The Consumer Council could be abolished because it is no longer essential and costs too much.
Enterprise Minister Arlene Foster issued proposals for reform which include closing down the organisation, but will await the result of a public consultation.
Since it was established in 1985, a devolved government has been installed at Stormont and a utility regulator appointed to protect the interests of energy and water consumers.
Ms Foster launched options for the future after receiving an expert report.
"The report concludes that the continued existence of the Consumer Council may no longer be essential to consumers, nor be the most cost-effective mechanism for consumer representation in Northern Ireland," she said.
The report recognised that the Council provides certain functions which are not exercised by another body but which must continue to be fulfilled. The Council represents the public on transport, water and energy matters.
Ms Foster added: "I have considered the report findings and now wish to consult on the most appropriate model for the delivery of consumer representation in Northern Ireland, recognising the very different political and consumer context we now enjoy."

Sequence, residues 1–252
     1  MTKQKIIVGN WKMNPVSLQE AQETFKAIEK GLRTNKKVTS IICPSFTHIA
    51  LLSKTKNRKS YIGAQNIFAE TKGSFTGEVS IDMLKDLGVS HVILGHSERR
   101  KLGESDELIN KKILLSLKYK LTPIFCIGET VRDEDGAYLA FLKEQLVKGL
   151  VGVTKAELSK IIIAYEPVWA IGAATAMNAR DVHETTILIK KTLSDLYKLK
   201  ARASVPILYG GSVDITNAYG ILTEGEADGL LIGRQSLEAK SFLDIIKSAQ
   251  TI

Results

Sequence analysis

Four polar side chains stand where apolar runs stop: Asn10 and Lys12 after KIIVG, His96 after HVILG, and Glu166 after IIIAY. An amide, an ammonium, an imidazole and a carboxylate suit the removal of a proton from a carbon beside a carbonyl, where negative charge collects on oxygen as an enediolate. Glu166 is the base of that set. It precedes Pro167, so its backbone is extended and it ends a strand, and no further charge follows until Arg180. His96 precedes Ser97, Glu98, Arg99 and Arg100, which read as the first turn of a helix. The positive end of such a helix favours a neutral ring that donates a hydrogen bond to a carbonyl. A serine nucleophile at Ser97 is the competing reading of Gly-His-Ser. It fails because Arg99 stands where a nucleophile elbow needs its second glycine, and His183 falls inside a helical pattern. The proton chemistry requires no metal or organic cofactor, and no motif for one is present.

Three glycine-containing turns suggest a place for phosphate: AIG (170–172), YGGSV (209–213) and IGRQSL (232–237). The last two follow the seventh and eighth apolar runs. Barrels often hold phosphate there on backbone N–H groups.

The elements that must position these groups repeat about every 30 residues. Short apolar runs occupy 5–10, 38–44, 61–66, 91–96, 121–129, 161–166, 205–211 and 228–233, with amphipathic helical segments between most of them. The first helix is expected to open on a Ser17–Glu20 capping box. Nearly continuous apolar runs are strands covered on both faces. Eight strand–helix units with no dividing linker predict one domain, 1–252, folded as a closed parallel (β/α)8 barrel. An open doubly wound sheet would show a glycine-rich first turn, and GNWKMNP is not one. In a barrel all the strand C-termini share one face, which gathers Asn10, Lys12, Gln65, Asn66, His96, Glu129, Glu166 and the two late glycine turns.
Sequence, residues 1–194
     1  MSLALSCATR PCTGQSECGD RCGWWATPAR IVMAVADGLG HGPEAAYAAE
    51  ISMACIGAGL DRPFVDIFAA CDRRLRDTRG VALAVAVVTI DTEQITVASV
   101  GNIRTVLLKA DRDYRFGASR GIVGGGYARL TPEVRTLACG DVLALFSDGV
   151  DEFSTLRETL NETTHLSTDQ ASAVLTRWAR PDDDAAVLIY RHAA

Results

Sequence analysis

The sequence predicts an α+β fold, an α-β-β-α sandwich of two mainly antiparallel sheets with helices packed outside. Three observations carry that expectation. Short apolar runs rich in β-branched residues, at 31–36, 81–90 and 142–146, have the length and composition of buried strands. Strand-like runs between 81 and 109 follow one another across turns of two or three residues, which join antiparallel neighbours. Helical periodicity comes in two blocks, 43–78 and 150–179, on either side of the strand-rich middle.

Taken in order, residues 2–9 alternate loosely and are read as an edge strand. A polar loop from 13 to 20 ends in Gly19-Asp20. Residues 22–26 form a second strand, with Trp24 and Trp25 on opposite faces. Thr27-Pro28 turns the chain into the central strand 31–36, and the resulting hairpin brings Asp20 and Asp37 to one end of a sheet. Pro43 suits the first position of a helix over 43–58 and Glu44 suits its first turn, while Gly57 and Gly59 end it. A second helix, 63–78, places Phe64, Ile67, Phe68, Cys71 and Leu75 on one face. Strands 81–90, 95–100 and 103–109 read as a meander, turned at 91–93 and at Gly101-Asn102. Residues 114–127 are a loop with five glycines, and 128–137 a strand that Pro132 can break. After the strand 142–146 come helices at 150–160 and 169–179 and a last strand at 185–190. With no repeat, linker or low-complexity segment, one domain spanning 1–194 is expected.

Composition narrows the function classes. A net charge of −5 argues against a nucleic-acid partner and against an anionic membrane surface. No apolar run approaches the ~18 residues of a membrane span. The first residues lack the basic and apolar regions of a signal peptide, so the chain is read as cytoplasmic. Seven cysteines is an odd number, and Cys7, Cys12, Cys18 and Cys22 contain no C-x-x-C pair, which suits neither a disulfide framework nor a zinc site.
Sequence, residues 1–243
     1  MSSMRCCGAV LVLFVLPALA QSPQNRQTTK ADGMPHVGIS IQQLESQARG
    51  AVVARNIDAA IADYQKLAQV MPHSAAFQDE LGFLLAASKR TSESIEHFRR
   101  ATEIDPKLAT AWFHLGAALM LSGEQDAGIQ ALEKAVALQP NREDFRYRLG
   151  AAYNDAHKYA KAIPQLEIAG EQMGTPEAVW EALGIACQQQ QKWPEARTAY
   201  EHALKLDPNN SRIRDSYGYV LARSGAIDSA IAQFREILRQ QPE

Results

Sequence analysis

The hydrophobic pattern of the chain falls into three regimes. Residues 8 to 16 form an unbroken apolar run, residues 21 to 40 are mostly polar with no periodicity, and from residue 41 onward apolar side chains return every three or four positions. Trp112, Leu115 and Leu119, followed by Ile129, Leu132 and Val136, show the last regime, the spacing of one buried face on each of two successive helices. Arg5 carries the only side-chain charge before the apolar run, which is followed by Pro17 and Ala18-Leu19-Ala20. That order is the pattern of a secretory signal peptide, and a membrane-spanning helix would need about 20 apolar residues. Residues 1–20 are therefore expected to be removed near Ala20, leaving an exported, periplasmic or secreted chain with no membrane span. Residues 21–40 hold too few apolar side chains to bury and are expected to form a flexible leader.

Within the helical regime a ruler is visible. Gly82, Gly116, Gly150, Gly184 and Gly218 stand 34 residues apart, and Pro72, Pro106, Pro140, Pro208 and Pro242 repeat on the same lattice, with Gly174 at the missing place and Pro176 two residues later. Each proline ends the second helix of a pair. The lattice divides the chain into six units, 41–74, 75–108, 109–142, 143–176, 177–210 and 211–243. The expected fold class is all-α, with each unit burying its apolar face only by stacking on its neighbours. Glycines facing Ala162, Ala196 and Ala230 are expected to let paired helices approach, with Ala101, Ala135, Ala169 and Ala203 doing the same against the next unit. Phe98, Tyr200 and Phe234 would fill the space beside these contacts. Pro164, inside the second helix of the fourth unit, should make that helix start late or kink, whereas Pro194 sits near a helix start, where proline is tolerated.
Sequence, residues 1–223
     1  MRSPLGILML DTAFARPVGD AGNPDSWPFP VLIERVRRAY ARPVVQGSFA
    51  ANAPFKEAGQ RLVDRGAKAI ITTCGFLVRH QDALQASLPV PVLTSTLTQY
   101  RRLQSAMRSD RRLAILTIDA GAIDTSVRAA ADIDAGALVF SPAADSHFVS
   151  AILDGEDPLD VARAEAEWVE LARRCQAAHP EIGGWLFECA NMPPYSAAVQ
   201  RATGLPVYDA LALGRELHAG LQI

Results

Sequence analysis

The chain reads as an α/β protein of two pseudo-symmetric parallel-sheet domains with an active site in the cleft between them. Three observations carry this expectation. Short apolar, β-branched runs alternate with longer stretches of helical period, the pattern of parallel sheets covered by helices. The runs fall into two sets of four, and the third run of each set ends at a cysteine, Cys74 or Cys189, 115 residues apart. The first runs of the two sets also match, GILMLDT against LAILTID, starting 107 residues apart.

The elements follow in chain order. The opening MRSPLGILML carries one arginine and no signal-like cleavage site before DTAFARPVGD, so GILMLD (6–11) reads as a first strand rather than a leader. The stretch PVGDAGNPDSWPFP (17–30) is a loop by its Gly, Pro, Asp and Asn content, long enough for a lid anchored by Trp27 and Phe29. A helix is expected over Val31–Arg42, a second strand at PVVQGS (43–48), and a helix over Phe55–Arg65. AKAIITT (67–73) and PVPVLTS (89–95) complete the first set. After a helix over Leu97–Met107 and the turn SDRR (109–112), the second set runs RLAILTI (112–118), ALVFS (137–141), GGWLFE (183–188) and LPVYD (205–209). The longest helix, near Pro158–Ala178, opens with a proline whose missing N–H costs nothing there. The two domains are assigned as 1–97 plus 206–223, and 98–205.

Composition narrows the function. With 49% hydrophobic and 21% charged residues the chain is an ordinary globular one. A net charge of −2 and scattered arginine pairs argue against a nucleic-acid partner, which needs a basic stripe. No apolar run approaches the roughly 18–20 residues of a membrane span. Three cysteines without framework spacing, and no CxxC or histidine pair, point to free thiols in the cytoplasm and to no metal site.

Options under consideration include:
:: Continuation of the Council as an arm's length body to represent the consumer.
:: Establishing an independent consumer representative body outside government.
:: Abolishing the Council and transferring its consumer representation role to an existing non-government advice body.
The Council was last reviewed in 1999. Now a locally accountable government and numerous local and regional advice bodies are in place.
The minister said there is an effective Trading Standards Service and much greater retail competition.
Ms Foster added: "The report recognises that the Council has been responsive to consumers and has been effective as an organisation."
A council spokeswoman said: "The Consumer Council's top priority is providing the best possible representation and support for consumers and we will provide our views and recommendations as part of the consultation process.
"It is business as usual at the Consumer Council. We are working hard to represent consumers, lobby on their behalf, investigate their complaints and provide them with resources and information about their rights.
"The Consumer Council has a record of making a real difference and delivering benefits for consumers and we will continue to do so."